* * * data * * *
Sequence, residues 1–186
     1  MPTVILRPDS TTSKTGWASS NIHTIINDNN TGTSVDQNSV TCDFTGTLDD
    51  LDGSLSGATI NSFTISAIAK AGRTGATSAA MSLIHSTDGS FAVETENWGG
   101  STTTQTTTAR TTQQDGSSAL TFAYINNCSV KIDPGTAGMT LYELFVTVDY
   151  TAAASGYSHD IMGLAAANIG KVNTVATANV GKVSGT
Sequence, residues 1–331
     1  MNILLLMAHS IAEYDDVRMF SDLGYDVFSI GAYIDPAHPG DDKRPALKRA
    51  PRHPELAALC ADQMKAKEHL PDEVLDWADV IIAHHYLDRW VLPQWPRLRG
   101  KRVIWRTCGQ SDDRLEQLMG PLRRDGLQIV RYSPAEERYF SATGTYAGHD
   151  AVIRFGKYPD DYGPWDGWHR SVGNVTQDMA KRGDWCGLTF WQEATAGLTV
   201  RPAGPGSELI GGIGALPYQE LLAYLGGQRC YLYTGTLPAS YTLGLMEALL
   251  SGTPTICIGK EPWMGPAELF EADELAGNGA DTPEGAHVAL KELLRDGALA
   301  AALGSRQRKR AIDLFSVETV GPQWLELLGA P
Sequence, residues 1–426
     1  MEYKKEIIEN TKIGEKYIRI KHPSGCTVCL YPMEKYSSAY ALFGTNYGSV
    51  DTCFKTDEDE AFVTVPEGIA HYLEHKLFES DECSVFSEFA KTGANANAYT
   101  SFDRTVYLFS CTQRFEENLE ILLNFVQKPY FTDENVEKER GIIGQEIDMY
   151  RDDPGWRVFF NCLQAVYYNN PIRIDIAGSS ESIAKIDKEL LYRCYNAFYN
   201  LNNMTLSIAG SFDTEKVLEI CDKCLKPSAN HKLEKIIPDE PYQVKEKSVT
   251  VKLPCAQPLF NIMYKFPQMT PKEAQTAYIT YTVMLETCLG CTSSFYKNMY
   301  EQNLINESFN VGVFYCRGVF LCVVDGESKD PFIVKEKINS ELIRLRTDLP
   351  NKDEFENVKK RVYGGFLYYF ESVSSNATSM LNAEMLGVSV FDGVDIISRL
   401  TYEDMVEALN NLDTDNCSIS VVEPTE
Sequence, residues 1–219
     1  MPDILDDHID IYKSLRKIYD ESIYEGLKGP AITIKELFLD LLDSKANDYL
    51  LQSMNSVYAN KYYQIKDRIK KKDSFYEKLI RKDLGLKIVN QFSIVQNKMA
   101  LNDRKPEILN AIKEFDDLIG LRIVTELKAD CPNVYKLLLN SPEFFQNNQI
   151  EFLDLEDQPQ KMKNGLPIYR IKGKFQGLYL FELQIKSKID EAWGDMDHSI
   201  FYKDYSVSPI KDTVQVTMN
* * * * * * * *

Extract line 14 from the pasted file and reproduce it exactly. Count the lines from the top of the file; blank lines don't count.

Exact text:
Sequence, residues 1–426